Music has the power to transform lives.
When you think about Memphis, Tennessee, Elvis Presley maybe comes to mind. But today, the city is brimming with talented musicians.
They play all kinds of music styles, from rockabilly to soul, in clubs and on the streets throughout the city.
What's more, the locals say there's usually a level of unity whenever music starts to play in Memphis. Making music just seems to bring everybody together.
Musicians from Stax Music Academy. Photo via XQ.
Music also has the power to inspire us to be better and go a step further in life, even when circumstances have pushed us down. That, in essence, is why Stax Music Academy got started — to encourage kids' development through the practice and performance of music.
Stax Music Academy exists to nurture the next generation of musical talent — no matter their background or skill level.
A Stax student playing on the keyboard. Photo via XQ.
"We get students in and we try to enhance their cognitive abilities and musical abilities as well as their character," explains Adrianna Christmas, the director of Stax. They turn students into "Soul Communicators" — socially conscious artists who actively give back to their communities.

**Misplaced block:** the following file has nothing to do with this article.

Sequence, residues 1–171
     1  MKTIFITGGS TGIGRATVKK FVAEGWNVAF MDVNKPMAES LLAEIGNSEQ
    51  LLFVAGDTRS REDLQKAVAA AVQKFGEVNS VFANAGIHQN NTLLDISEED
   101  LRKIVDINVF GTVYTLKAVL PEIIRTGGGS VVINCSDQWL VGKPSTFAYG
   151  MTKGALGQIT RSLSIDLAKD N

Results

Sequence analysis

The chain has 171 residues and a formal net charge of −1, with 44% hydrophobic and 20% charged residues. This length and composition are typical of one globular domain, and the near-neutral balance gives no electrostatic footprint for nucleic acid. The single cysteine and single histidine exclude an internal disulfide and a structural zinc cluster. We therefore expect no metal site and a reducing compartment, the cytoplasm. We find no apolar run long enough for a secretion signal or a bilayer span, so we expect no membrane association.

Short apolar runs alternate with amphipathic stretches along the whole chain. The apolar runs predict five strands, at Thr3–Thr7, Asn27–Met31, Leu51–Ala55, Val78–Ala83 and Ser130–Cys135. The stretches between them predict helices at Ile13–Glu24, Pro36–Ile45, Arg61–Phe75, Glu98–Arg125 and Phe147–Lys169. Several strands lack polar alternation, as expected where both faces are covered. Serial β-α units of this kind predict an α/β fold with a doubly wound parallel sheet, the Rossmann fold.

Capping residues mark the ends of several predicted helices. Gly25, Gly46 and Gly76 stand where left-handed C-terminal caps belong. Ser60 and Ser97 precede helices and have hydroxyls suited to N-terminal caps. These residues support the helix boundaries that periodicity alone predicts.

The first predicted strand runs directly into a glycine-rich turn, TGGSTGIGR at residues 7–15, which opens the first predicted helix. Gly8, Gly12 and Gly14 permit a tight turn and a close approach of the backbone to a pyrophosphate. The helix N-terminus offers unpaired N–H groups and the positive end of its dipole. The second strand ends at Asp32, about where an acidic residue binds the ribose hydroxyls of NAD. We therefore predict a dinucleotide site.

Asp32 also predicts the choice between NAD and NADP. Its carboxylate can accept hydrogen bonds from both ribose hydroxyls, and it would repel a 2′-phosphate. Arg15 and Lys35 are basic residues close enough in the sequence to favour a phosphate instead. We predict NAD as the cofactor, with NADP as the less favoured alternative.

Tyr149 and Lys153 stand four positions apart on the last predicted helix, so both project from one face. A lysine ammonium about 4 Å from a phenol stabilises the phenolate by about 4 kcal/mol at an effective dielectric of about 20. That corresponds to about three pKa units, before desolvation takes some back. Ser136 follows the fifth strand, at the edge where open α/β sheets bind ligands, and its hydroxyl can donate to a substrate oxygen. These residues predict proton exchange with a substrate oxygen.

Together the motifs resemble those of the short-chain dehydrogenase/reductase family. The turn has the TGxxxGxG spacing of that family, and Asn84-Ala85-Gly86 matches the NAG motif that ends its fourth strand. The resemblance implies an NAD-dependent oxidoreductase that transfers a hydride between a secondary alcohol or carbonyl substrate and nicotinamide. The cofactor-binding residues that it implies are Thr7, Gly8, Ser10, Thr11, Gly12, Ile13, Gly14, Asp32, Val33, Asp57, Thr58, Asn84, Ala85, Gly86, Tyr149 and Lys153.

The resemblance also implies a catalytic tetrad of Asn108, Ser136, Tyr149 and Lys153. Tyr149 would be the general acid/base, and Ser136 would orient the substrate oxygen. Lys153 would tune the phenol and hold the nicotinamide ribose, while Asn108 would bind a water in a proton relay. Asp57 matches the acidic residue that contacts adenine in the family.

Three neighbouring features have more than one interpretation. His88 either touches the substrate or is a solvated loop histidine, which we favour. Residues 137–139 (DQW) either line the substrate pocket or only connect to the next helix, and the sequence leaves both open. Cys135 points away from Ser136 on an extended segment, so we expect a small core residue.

There's also a huge focus on the legacy of Stax Records, the iconic, soul-based record label that was founded in Memphis 60 years ago.
What makes Stax particularly special, however, is that 70% of their students come from marginalized communities. Since its mission is to raise up kids using music, it would only make sense that they would strive to include the kids who might need that boost the most.
But it's not just about fostering great musicians. It's about helping these kids get in touch with who they really are.
A Stax student on guitar. Photo via XQ.
"Stax taught me how to control myself, discipline myself, better myself," says Chris Franklin, one of Stax's students. "Both sides of my family, they’ve done music. It runs in my bloodline, and I think I should carry it on."
"I know Stax helped me to see the worth and value that I have in myself," admits Jaden Graves. "Even if I don’t fit in, I can embrace who I am."
The teachers see the growth too. Kids come in nervous and shy but leave as confident music aficionados. It makes sense that they've maintained a 100% college acceptance rate since 2008.
In a world where there's so much adversity and discord, a space that's dedicated to teaching kids how to harmonize is most welcome.
The Street Corner Harmonies group from Stax. Photo via Stax Music Academy.
That's especially poignant when you remember Memphis is where Martin Luther King Jr. was shot. While music may not be the only reason attitudes have changed there, it's unifying nature no doubt played a part.
Stax's awesome setup is more than capable of fostering the next great musical prodigy, but that's far from what makes it important. It's the fact that it offers musically minded kids a chance to find themselves and that is beyond worthwhile.
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